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Brad Hardcastle occasionally ran the numbers, but it usually wasn’t long before he chucked his pencil and calculator and moved on to more pressing responsibilities.

Checking interest rates against Daviess Community Hospital’s debt on the off chance the facility might save money with a refinance of the hospital’s bonds, Hardcastle usually spent little mental energy on it once he ran a quick calculation of the numbers. Rates would have to drop much further, he thought, to make a difference over the life of the $17.5 million in long-term debt the hospital carried in the form of insured fixed-rate bonds sold in 1998 and 1999.

“I was thinking about a traditional fixed-rate refinancing that wouldn’t equate to much savings,” says the chief financial officer at the 70-staffed-bed hospital in Washington, IN, a town of roughly 12,000 people in a county of about 30,000.

When interest rates fall more than a single percentage point, smart homeowners often find it beneficial to refinance, often saving thousands of dollars over the life of a traditional 30-year loan. Hospital CFOs periodically do the same essential exercise, but rates have been so stable for municipal debt over the past decade or so that most smaller hospitals don’t even try to refinance. But as Hardcastle investigated more sophisticated debt vehicles, he gradually came to believe that a refinance could make a big difference.

Daviess’ investment bank and financial adviser were able to construct a refinancing with an underlying interest rate swap that would save as much as $2 million in net present value over the life of the bonds, as well as provide an instant infusion of about $1.5 million in capital the hospital will use to build a new off-campus urgent care pavilion.

“Essentially, it’s pretty difficult to get your hands around it,” he says, but “once you get a feel for how it works, you feel better.”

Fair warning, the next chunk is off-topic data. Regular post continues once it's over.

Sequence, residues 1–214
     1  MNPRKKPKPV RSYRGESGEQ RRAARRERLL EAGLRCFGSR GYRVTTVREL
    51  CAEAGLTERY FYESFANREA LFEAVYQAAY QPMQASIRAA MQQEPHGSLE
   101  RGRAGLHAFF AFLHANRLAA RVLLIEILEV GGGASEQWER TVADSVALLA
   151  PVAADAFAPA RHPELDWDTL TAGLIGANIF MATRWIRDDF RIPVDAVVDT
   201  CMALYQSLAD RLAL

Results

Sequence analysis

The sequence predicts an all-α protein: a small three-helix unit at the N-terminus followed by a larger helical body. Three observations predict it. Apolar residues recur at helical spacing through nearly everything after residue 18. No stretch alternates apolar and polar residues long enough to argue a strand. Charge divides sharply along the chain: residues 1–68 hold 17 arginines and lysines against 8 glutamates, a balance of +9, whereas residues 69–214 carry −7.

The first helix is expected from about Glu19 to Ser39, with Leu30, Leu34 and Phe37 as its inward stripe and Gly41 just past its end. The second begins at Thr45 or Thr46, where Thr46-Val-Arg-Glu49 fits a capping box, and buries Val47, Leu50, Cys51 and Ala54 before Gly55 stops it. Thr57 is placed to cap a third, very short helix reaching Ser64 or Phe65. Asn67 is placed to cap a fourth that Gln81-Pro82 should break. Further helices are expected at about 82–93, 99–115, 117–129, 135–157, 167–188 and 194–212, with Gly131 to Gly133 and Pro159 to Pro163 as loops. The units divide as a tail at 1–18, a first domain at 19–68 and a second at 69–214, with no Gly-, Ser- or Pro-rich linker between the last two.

How it works is what usually puts off small hospital CFOs, says Hardcastle. Such financing strategies are well known at larger hospitals and hospital systems, where even small interest rate moves can make doing such a refinance—known in the industry as a “swap”—enticing, says John Hanley, managing director at Ziegler Capital Markets, which served as the investment banker in Daviess’ refinance. Smaller hospitals often find interest rate swaps exotic; indeed, many smaller hospitals without bond insurance don’t qualify for such strategies. But Hanley says small hospitals with insured bonds (Daviess’ 1998 and 1999 bonds were insured by guarantor Radian) can often save big sums in a rate swap.

In Daviess’ case, the hospital essentially performed two transactions on its debt. Through its investment banks and adviser, Daviess issued refunding bonds that are insured with a liquidity facility from another bank. Daviess didn’t want to be stuck with variable rate debt, so that facility was sold to another bank, in this case Morgan Stanley, in return for a fixed-rate facility.

“The outstanding debt of this hospital was in the high 5 percent, low 6 percent range and was not on anyone’s radar screen for refinancing because its rates were still at reasonable levels,” says Alan P. Richman, president and chief executive officer of InnoVative Capital, which served as Daviess’ financial adviser on the transaction. “But refinancing using variable rate securities with a fixed rate swap saved them a lot of money.”

“It’s a little more difficult to do these with smaller hospitals because you have to have the insurance,” says Hanley. “Smaller hospitals don’t use this structure predominantly because they often can’t obtain the insurance.”

One of the big attractions for Hardcastle in the refinancing was that it would allow the hospital to roll in $1.5 million to fund a new 5,000-square-foot off-campus urgent-care health pavilion by a new Wal-Mart shopping center in a high-traffic area of town, he says. Basically, the hospital ended up with a $19.2 million Series 2006 municipal bond financing at fixed rates to replace the $17.5 million in long-term debt the hospital had from 1998 and 1999. That allowed Daviess to fully fund the new project and still save $135,000 per year in interest payments over the previous bond terms. Over the life of the new bonds, which will mature in 2029, the hospital will save a little more than $1.8 million in net present value over its previous financing arrangement.

“The advantage of this was they needed some new money which provided for some clinical projects they wanted to get done to enhance their revenue position,” says Hanley. “This allowed them to pay for the majority of the cost of the new capital projects through the refinance.”

—Philip Betbeze




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